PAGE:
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Jumping Off The Planet (Starsiders Trilogy) ebook

by David Gerrold

David Gerrold was barely out of his teens when he wrote the script "The Trouble With Tribbles" for the classic television series "Star Trek"

David Gerrold was barely out of his teens when he wrote the script "The Trouble With Tribbles" for the classic television series "Star Trek". Nominated for a Hugo Award, it was listed by "Playboy" magazine as one of the 50 Greatest Television Episodes of All Time. And in a 1997 FOX TV special it ranked as the most popular science fiction episode on television of all time.

Jumping Off the Planet book. Sep 19, 2011 Doris rated it it was ok. Jumping Off the Planet.

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JUMPING OFF THE PLANET David Gerrold MOM AND DAD A HOLE IN THE GROUND CROSSING THE LINE THE GULF GOING SOUTH POPULATION CONTROL TERMINUS ALL ABOARD UP ONE-HOUR. JUMPING OFF THE PLANET David Gerrold. Mom and dad. "I've got an idea!" Dad said. Let's go to the moon. Huh-?" I looked up from my comic. I mean it. What do you kids think? Do you want to go to the moon?"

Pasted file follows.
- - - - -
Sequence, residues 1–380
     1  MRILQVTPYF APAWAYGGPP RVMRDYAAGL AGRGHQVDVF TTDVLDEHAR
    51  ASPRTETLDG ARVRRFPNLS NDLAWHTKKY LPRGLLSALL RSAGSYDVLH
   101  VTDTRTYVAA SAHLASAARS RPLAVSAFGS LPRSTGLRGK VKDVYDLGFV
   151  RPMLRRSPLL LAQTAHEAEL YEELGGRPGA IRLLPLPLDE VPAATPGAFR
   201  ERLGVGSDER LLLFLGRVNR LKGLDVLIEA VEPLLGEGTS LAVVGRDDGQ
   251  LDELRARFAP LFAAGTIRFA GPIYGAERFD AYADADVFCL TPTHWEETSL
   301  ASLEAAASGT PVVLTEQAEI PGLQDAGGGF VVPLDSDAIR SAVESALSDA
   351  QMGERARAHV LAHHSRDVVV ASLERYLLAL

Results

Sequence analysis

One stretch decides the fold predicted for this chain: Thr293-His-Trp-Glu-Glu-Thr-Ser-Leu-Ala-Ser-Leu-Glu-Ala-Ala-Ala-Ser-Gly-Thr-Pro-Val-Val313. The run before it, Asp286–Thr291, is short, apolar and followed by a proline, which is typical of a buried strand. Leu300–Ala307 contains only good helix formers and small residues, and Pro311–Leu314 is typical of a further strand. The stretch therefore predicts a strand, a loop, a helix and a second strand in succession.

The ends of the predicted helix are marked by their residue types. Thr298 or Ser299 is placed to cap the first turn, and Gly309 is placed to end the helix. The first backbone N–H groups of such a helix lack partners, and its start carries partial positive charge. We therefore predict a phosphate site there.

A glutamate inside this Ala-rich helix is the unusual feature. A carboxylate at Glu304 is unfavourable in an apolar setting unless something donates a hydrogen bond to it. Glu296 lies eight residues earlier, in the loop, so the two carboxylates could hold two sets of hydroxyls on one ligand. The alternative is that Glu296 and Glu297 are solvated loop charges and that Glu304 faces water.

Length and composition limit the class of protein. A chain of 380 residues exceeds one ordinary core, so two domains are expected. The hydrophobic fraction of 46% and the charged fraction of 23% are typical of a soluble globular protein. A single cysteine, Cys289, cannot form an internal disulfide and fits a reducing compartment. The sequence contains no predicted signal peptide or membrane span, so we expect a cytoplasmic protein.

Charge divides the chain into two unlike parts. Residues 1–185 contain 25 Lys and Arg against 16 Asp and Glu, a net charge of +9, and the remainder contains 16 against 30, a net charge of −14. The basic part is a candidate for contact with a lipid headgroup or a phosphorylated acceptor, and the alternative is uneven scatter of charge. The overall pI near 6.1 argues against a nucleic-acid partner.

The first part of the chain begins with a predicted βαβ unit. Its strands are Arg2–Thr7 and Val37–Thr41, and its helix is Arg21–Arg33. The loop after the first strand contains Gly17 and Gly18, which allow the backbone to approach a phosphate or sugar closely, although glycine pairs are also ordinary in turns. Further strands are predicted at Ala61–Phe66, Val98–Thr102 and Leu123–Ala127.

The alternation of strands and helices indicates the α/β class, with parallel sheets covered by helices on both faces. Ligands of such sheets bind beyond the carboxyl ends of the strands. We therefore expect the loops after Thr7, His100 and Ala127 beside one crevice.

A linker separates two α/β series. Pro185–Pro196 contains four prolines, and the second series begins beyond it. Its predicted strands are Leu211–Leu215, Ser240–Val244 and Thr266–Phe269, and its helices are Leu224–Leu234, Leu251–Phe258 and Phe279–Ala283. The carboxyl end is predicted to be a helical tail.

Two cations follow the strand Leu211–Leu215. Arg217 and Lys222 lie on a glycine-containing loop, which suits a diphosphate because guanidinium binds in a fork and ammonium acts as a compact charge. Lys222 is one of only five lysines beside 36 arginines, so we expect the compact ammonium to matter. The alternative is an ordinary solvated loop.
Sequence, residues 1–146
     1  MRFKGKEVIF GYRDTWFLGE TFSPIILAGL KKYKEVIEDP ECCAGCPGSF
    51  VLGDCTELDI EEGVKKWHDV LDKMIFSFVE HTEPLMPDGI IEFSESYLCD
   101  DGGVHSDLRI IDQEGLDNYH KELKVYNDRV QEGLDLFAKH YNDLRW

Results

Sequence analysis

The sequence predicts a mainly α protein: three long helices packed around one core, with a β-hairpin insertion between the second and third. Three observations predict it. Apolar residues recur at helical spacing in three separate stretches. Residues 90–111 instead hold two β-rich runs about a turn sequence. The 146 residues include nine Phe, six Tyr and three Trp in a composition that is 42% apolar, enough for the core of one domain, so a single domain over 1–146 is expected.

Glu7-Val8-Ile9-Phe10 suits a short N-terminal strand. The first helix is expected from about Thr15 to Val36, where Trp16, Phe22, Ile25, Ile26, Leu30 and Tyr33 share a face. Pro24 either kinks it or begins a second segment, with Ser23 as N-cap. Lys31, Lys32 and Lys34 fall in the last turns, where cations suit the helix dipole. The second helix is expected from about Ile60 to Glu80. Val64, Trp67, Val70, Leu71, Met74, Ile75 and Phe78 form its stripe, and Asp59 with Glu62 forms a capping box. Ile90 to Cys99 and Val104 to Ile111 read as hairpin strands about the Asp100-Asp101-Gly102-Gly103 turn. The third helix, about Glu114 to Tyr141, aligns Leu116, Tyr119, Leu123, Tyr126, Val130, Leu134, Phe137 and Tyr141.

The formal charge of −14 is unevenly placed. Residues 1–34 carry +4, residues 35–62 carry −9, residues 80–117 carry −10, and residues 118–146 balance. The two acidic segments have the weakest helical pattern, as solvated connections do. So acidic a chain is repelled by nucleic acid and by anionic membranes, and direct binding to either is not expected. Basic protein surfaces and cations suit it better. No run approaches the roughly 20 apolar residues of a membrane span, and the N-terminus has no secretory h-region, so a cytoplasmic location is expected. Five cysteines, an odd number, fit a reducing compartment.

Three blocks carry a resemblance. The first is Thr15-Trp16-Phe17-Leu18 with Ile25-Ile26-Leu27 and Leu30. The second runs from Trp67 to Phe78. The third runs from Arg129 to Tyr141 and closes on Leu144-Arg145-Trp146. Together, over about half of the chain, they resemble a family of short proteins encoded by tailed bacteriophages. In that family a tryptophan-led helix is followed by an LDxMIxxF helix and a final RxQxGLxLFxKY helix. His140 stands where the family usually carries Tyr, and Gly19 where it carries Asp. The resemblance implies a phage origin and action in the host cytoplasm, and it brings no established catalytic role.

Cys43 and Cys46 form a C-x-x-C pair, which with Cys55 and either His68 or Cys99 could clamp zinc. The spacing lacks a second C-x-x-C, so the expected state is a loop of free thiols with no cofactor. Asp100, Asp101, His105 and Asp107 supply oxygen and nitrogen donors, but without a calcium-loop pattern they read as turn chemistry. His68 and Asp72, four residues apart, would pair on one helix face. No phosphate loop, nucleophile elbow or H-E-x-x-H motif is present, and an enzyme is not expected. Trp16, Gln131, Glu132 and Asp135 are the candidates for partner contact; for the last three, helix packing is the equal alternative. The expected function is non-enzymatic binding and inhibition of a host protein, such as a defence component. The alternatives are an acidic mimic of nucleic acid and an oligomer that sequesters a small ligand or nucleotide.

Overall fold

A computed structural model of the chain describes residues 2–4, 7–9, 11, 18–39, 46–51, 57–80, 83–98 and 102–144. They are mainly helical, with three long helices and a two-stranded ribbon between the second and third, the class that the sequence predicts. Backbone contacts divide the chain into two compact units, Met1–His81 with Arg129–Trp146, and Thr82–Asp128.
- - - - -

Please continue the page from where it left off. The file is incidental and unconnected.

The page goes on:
David Gerrold - a winner of the Hugo Award and the Nebula Award - is the author of dozens of novels, including Jumping Off the Planet, Bouncing Off the Moon, The Man Who Folded Himself, When Harlie was One, and the incredibly popular The War Against the Chtorr series.

David Gerrold - a winner of the Hugo Award and the Nebula Award - is the author of dozens of novels, including Jumping Off the Planet, Bouncing Off the Moon, The Man Who Folded Himself, When Harlie was One, and the incredibly popular The War Against the Chtorr series. A prolific screenwriter as well as a novelist - he wrote the hugely popular The Trouble with Tribbles episode for the original Star Trek television series. Gerrold lives in Northridge, California, with his son.

JUMPING OFF THE PLANET David Gerrold. And then Stinky slipped at the first switchback and skidded off the path, which would have been warning enough to any rational person that running down the side of a hole big enough to have its own area code was not a good idea-but Stinky didn't have good ideas. He picked himself up, shouted, "You're a big doo-doo head, and you can't catch me," and headed toward the next switchback.